At this point in the lesson, students identify the characteristics the chimpanzee showed that could be considered good scientific practice and make connections to our own practice. They share characteristics like "creative", "resilient" and "thoughtful" when asked to share their answers with a partner. I write these characteristics on the board as I listen in on student sharing.
The EXTEND stage allows students to apply new knowledge to a novel situation. The novel situation in this case is a new chimpanzee problem-solving video. Depending on the technology available, I have each lab group view a different video. Many videos are available by searching: "chimpanzee study". Each group is given the following instructions:
1) View the video.
2) While watching the video, write down different ways the chimp is being a successful problem solver and scientist.
3) As a group, finalize your top five chimpanzee problem solving characteristics or strategies.
The EVALUATION stage is for both students and teachers to determine how much learning and understanding has taken place. We evaluate what we have learned from chimpanzees about scientific problem solving by sharing each group's final lists to generate a class "top-ten" list.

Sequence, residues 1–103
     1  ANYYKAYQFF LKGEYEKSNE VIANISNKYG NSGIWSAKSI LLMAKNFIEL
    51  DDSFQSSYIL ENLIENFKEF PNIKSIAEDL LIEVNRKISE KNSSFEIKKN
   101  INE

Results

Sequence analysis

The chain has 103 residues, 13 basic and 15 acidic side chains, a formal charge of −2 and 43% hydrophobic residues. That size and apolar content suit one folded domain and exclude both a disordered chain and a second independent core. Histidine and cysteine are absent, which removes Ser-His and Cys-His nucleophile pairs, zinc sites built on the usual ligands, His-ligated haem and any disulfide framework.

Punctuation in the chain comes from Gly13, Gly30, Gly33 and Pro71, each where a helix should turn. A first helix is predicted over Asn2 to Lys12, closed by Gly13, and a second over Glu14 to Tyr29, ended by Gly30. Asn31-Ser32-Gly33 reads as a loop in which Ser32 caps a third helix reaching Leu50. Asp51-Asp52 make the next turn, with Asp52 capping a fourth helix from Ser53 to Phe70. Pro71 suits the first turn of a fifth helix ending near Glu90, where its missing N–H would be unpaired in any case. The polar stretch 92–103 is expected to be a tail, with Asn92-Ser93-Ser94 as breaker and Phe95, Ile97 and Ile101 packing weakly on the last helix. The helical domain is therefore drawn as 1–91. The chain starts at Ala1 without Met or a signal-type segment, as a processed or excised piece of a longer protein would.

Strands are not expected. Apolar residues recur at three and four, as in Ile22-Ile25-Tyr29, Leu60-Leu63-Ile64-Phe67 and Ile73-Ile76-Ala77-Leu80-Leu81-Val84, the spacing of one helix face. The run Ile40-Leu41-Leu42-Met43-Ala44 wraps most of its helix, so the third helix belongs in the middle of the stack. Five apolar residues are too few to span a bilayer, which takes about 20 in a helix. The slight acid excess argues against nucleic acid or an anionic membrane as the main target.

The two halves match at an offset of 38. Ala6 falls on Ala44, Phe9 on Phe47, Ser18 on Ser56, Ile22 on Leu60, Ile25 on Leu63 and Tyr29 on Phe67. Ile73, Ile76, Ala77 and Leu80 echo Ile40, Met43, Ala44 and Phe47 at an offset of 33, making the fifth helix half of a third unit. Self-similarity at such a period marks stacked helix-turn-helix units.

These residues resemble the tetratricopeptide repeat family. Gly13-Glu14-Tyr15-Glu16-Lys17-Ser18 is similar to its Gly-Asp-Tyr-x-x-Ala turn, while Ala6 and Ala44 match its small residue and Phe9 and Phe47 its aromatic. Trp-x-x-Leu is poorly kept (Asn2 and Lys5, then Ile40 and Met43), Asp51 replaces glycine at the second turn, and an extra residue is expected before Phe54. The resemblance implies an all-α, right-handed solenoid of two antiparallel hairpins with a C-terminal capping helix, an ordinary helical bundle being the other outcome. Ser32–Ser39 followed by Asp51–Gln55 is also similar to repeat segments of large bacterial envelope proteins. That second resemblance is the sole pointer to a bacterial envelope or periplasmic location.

From the list of student-generated classroom strategies, I create a Be the Chimp Wheel of Problem Solving. Students like to see their ideas printed out, laminated and included at each lab table for use during student work time. If a student or a group of students are struggling to figure out what to do or how to do it, I show them the wheel with the cue to "be the chimp".
To further model chimpy problem-solving strategies, I role-play with students a scenario in which a lab group isn't working well together. Together, we identify some of the problems and possible solutions. I pose the question, "What if you can't work it out?" At this point, I model for students the Protocol for Solving Interpersonal Conflicts, which is a protocol I developed based on principles for developing consensus in groups. If students practice and have a strong student facilitator, they can use this protocol independently. With middle school students, often, I am the facilitator. I also use this protocol when I have behavior or motivation concerns with an individual student; it has proven to me more effective than other management strategies.
To end our class, we participate in the "Be the Chimp" chant, which is a kinesthetic way to embody our new class philosophy. The chant involves two hand slaps on desks and one clap coinciding with the words "Be the Chimp". We get as loud and fast as possible to show just how chimpy we are!